This is why we sing.

It is a declaration of faithfulness –

When injustice, cruelty and violence seem to have a tightening grip upon us, to remember the tune that the Lord’s favor is coming soon.

This is why we sing.

It is also a beautiful Advent melody to remember that it is not we who save ourselves, or we who can construct a better plan that will all work out, or develop better politics that will bring everyone together, or fulfill the hope for a better world for ourselves.

This is why we sing.

It is God who declares: Good news is coming, binding up is coming, liberty is coming and release is coming, and it will arrive far better than we could ever provide for ourselves.

This is why we sing.

Luke tells not only the story of the manger that is coming (Luke 2), but also the Savior’s ministry too (Luke 4). Jesus pulled out the scroll in the synagogue, proclaimed these words of the ancient prophet to be fulfilled now in his arrival – to the oppressed, the brokenhearted, the captive and the imprisoned wherever we are.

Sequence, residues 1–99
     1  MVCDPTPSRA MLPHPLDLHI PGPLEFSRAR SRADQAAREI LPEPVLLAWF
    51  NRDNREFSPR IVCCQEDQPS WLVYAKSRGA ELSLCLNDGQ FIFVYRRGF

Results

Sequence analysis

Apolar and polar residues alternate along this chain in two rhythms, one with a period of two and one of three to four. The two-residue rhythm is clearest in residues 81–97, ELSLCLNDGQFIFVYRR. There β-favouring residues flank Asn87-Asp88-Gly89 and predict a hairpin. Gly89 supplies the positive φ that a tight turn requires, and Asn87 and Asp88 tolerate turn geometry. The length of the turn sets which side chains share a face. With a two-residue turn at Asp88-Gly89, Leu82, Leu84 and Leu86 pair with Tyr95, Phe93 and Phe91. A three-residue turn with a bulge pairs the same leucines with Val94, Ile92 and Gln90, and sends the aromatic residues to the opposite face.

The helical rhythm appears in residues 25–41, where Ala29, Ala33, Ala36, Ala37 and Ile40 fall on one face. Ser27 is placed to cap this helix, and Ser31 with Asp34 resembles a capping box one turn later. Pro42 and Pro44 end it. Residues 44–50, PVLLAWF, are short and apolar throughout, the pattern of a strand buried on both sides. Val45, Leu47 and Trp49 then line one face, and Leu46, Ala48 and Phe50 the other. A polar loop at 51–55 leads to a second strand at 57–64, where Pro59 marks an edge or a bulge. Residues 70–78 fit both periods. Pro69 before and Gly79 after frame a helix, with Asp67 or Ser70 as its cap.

The Savior of the nations comes not just metaphorically from the stories of old, but is realized in his suffering and death on the cross, and made ours by new life that bursts forth from the grave – as much in his time as his own. In our remembrance of tragedy, and in the fear and sadness we cling to years later; with his Divine Presence, he arrives with another word.

Only then can we listen and remember exactly what it is we are waiting for this Advent season as the air fills our lungs, as our diaphragms start to move, our vocal chords begin to vibrate and songs burst forth that we may not have even considered were possible.